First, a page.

Charles G. Leland, an American author. Son of a merchant, he was born at Philadelphia on the 15th of August 1824 and graduated at Princeton in 1845.
He afterwards studied at Heidelberg, Munich and Paris. He was in Paris during the revolution of 1848, and took an active part in it. He then returned to Philadelphia, and after being admitted to the bar in 1851, devoted himself to contributing to periodicals, editing various magazines and writing books.
At the opening of the Civil War he started at Boston the Continental Magazine, which advocated emancipation. In 1868 he became known as the humorous author of Hans Breitmann's Party and Ballads, which was followed by other volumes of the same kind, collected in 1871 with the title of Hans Breitniainrfs Ballads. These dialect poems, burlesquing the German American, at once became popular.
In 1869 he went to Europe, and till 1880 was occupied, chiefly in London, with literary work; after returning to Philadelphia for six years, he again made his home in Europe, generally at Florence, where he died on the 20th of March 1903.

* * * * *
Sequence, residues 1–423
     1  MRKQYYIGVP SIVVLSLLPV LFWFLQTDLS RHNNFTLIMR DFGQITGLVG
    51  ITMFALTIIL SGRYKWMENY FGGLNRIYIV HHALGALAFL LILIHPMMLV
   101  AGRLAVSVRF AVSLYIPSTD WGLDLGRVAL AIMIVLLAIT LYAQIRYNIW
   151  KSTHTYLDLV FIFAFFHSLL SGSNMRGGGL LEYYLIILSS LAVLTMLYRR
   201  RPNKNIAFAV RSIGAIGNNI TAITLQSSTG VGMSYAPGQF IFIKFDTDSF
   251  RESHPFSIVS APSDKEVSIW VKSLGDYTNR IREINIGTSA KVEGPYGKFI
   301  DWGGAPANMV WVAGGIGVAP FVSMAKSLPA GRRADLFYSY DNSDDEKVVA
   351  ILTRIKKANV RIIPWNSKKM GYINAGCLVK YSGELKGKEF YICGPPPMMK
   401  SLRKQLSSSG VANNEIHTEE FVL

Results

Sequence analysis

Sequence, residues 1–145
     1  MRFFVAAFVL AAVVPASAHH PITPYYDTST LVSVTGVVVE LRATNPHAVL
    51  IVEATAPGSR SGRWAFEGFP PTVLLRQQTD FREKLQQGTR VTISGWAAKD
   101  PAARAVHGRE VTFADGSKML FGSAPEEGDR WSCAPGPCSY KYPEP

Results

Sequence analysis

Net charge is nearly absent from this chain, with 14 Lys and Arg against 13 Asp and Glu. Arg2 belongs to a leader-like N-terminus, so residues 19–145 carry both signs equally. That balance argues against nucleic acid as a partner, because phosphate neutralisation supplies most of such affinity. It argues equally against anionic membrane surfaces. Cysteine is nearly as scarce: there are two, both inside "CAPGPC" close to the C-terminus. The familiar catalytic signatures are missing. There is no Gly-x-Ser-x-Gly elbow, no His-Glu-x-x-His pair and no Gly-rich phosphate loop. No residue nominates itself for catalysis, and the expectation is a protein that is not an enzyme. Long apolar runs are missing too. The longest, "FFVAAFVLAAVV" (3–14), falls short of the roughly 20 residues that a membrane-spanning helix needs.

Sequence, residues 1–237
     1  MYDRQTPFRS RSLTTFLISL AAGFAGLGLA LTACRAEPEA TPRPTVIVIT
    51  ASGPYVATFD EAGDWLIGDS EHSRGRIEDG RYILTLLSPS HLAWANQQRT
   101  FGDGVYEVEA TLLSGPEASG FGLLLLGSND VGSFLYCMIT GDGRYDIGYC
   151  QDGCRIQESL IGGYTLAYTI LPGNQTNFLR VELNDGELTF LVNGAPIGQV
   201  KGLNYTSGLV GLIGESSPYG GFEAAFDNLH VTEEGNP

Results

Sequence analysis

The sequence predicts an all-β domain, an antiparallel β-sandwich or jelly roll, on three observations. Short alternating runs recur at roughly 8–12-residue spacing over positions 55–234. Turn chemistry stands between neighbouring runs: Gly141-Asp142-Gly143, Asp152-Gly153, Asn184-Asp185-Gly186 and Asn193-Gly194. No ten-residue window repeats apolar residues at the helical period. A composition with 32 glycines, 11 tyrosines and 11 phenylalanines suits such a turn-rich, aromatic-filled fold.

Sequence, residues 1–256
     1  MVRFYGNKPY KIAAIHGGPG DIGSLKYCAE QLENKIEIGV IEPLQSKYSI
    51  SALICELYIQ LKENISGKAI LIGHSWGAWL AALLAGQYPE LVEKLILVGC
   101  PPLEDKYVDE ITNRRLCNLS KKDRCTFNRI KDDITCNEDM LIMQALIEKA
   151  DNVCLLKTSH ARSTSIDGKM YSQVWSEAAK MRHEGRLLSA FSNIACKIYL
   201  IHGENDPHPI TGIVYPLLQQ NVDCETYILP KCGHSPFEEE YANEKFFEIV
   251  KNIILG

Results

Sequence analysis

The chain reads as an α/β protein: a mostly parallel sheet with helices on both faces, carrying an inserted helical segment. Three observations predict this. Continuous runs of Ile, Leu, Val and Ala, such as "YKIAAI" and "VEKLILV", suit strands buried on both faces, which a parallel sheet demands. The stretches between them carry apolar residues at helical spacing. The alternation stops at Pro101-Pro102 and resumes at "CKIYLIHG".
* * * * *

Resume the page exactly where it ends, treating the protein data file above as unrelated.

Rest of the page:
Though his humorous verses were most attractive to the public, Leland was a serious student of folk-lore, particularly of the gipsies, his Writings on the latter (English Gypsies and their Language, 1872; The Gypsies, 1882; Gypsy Sorcery and Fortunetelling 1891, &c.) being recognized as valuable contributions to the literature of the subject. He was president of the first European folk-lore congress, held in Paris in 1889.
His other publications include Poetry and Mystery of Dreams (1855), Meister Karl's Sketch-book (1855), Pictures of Travel (1856), Sunshine in Thought (1862), Heine's Book of Songs (1862), The Music Lesson of Confucius (1870), Egyptian Sketch-book (1873), Abraham Lincoln (1879), The Minor Arts (1880), Algonquin Legends of New England (1884), Songs of the Sea and Lays of the Land (1895), Hans Breitmann in Tyrol (1895), One Hundred Profitable Acts (1897), Unpublished Legends of Vergil (1899) and Kulosleap the Master, and other Algonquin Poems (1903, with J. Dyneley Prince)